* If you have multiple devices from the same manufacturer, you don’t even need to purchase a spare battery if your task is more daunting than a typical sized yard as they are interchangeable.
* And just like with electric garden maintenance equipment hooked up to power cords, they are far easier to start and have fewer maintenance issues.
Battery powered lawn mowers have come a long way, freeing you from the hassle of cords being the correct length or accidentally running over them.
CARB estimated in 2021 that 55% of lawn and garden care equipment for home use in California was already electric – powered by extension cords or batteries.
Only 6% of lawn care equipment owned by professional landscape maintenance companies – including government entities such as school districts and cities – was electric.
Technology is still evolving, especially for professional-grade devices. All-day use that often covers larger areas poses issues with battery charging as well as the equipment’s ability to perform as it should.
That said, the biggest sticking point for equipment available for professional use is price.
Based on testing conducted by LandCare USA which provides landscaping services in 20 states, the cost of securing an electric trimmer for professional work is up to three times higher than the powered version. essence.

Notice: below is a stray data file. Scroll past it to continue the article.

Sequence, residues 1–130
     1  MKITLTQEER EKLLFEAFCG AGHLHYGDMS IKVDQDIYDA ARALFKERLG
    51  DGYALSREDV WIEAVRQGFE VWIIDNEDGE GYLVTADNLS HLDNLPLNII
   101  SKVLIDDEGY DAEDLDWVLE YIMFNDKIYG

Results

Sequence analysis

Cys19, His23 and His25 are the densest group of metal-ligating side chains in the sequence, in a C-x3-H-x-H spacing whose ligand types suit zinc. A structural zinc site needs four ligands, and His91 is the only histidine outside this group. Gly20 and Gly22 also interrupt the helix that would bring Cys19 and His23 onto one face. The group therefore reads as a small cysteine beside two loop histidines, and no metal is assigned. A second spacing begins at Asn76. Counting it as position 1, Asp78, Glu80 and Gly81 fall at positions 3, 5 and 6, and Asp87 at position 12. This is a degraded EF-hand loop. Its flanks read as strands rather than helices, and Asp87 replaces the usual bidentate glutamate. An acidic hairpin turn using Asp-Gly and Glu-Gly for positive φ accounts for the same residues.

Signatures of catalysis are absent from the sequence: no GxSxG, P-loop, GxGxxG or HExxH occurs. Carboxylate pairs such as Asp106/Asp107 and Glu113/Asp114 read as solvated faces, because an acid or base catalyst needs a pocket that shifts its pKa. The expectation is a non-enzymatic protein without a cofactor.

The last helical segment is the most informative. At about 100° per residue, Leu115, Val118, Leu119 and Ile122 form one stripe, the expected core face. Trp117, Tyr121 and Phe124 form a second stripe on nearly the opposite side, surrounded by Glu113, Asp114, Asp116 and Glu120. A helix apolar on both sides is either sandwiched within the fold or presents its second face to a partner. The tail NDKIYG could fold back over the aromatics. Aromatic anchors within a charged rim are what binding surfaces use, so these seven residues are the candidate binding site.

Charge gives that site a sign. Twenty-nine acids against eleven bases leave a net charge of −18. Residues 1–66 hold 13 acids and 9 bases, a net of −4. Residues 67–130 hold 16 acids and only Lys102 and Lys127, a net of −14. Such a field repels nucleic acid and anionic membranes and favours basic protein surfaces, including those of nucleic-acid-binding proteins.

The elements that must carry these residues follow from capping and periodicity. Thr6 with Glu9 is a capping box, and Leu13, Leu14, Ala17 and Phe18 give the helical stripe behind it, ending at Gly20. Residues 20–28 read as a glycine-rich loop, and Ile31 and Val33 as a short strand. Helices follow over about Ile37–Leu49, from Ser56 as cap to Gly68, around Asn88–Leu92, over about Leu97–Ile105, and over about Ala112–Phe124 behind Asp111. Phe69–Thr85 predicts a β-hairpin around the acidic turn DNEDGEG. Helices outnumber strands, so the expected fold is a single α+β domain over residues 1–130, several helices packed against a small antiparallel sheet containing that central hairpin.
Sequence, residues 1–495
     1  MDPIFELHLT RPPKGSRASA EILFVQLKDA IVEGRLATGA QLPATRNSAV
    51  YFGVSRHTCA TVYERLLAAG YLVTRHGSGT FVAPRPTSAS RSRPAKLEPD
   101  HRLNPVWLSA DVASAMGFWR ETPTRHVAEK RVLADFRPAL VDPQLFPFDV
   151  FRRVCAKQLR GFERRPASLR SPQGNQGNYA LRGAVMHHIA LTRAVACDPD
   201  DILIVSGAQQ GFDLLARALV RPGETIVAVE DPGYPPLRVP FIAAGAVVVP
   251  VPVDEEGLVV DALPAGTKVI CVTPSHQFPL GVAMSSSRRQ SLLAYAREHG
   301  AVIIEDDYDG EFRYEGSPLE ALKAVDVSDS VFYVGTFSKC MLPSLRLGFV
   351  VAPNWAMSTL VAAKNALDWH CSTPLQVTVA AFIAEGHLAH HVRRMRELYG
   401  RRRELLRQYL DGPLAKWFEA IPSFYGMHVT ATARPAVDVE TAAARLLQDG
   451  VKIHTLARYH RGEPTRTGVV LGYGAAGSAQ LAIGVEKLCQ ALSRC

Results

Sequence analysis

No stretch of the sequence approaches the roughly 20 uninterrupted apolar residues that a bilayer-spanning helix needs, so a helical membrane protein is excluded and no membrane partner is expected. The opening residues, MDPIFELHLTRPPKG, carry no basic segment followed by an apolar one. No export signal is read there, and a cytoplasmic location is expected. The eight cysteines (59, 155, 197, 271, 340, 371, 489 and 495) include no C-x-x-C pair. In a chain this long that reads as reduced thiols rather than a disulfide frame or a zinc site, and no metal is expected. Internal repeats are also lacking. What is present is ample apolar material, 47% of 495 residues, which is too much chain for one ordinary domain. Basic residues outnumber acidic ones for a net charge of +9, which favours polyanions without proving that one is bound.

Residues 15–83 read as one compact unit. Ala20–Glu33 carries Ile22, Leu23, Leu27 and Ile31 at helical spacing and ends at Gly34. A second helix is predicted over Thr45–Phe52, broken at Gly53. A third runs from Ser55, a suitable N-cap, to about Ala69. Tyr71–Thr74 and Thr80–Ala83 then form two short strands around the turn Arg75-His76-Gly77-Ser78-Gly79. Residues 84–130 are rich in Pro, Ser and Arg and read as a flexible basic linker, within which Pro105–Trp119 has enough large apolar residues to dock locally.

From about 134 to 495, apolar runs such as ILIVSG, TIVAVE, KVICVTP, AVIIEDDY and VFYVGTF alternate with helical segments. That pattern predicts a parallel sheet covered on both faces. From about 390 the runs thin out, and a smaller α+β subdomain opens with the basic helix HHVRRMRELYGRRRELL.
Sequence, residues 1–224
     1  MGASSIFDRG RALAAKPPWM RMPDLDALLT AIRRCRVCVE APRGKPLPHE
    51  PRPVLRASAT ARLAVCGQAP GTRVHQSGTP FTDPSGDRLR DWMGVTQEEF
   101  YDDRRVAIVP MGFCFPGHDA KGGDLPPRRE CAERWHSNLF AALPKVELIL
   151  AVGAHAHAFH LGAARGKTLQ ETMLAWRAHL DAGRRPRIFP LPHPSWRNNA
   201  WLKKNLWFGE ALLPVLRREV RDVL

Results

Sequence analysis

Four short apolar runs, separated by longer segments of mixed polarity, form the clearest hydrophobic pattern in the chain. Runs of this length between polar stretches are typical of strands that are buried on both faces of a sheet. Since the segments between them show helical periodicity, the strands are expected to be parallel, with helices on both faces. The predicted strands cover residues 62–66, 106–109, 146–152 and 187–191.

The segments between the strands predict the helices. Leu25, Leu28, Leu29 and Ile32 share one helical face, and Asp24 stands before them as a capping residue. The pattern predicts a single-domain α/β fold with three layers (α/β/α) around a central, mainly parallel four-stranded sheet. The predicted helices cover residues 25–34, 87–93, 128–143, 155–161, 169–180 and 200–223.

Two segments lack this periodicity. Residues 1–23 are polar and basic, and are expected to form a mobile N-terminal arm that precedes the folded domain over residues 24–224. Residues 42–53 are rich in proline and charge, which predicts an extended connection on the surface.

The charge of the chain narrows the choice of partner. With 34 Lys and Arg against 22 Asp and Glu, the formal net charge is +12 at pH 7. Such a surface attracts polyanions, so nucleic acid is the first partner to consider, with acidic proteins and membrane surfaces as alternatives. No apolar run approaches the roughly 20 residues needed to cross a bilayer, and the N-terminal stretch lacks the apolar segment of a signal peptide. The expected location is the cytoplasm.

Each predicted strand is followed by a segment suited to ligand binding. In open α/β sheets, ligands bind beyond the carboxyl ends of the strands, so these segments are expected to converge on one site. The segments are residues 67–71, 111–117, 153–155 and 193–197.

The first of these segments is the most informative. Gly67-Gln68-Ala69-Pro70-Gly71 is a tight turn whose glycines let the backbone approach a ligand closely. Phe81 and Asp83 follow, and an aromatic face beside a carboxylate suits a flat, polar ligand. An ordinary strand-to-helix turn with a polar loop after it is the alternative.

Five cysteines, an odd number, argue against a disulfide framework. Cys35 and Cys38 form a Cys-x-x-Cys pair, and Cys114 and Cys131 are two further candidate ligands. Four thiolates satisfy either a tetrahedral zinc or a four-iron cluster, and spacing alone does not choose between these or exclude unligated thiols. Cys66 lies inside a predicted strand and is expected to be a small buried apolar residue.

That’s why the original legislation provided $30 million to help California lawn and garden companies purchase new equipment.
But if what the manufacturers promise comes true, the higher initial cost of the equipment will be negated by lower operating costs.
Toro says its battery-powered commercial lawn mower dubbed “Revolution” will cost twice as much as a gas-powered model with comparable performance.
Toro, however, estimates that customers will be able to recoup this additional cost over a 2.5-year period by not having to purchase gasoline, replace engine filters and incur other costs.
Like the automotive mandate, nothing in the law prohibits the use of gas-powered yard-care equipment in 2024 and beyond. Existing gasoline equipment can be used, sold and bought.
It is a process of weaning by attrition. When the equipment stops working, its history. No one is going cold turkey.
Keep in mind that this is really driven in California not by climate change so much as by the need to improve our air quality.
This statement may irritate climate change fanatics, so they deserve at least some kudos for applying to advance the Zero Emission Lawn Care Equipment Act.